As this was my first-ever conference talk, I had a practice talk on the Parallel Processing portion at the Python User Group Singapore August 2019 meetup. Based on the questions and feedback collated from the audience, I made some improvements to the slides and even sought the help of the Javascript/Node.JS folks on Twitter for some ideas on how to explain async to the general audience. Speaking on stage behind a podium in front of more than 100 people for my first-ever tech meetup talk + doing the open pose as suggested by the WWCode Taipei folks did help significantly with the nerves before the talk too. I could have done better next time though - if there will be a next time after this conference talk.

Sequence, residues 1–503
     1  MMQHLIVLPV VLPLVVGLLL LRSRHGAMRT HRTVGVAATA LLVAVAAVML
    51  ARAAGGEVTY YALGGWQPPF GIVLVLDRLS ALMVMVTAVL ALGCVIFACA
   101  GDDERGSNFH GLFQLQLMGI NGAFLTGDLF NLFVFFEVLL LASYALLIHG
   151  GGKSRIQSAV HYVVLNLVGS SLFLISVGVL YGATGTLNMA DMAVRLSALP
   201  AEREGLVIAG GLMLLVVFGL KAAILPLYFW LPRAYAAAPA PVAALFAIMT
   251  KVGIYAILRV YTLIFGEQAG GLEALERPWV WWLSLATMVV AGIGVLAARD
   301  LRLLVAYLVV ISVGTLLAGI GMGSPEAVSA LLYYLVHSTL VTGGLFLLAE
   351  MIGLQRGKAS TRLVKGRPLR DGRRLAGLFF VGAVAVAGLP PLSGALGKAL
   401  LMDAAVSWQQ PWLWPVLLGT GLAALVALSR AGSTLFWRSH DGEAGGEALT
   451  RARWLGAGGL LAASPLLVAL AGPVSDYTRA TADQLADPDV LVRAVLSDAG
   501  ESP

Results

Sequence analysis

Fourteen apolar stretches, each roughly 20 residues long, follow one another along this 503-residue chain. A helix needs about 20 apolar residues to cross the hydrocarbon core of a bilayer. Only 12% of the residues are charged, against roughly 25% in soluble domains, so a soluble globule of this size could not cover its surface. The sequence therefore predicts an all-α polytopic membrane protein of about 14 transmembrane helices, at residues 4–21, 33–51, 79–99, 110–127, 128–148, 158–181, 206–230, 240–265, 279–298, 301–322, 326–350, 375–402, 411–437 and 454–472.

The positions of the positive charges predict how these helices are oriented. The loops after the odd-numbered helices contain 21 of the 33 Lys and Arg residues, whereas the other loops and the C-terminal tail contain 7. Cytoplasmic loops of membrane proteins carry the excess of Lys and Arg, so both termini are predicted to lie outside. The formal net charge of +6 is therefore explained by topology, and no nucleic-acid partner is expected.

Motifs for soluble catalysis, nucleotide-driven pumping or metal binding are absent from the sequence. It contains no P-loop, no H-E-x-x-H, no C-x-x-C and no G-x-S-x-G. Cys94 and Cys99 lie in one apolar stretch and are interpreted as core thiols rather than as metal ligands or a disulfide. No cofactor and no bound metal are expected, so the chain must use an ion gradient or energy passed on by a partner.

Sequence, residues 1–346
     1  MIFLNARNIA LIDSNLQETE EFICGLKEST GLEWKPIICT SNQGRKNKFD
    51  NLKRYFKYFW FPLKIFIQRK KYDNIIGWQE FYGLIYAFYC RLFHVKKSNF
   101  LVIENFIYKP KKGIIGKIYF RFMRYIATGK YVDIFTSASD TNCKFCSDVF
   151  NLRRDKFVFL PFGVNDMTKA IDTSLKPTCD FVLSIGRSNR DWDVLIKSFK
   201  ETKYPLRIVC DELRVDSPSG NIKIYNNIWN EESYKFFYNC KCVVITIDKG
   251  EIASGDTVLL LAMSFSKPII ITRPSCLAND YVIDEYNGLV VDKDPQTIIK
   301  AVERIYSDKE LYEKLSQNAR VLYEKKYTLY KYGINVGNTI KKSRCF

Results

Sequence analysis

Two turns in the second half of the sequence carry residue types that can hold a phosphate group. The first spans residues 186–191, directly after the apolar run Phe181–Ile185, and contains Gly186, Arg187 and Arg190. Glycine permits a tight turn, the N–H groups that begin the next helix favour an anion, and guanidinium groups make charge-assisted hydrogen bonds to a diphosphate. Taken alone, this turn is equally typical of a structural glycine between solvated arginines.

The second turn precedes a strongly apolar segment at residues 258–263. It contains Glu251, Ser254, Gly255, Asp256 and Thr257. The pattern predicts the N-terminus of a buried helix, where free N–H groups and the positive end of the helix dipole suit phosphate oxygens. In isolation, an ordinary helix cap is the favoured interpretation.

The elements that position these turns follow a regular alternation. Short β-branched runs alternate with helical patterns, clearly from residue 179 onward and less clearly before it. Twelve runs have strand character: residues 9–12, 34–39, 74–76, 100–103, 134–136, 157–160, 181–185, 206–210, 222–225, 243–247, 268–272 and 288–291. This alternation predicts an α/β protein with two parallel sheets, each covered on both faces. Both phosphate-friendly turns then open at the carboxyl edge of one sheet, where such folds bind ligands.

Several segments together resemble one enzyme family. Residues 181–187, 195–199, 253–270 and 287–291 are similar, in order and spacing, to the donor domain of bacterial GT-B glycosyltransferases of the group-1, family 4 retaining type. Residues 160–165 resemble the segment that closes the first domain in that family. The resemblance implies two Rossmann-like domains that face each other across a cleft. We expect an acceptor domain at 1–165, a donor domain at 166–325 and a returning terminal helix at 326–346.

Things that could have been improved

  1. I don’t have the exact figures for the actual turnout for my talk, but it seemed to be less than 100. I might need to improve on my social media outreach before my speaking slot.
  2. I think I kinda stumbled on my “256-core” repeatedly throughout my talk.
  3. I might not have handled the Q&A very well this time, since no one has any other questions after the first 2 questions.
  4. A very interesting question asked by a data engineer after Q&A on parallel + sync/async + multithreading/multiprocessing I/O operations/executions - and unfortunately he has to wait for the complete HTML request output before he can do anything else. I don’t think I gave a very good response besides suggesting that he try out asyncio instead of concurrent.futures module…

Things that went well

  1. I reached my speaking venue early to test out the projector, microphones and wireless presenter and check that they were in working condition.
  2. My attempts to engage the audience were pretty successful this time - especially the kopi + async part!
  3. There were 4 questions asked by the audience on- and off- stage in total - the two off-stage ones were interesting enough for me to consider exploring further as a future talk topic.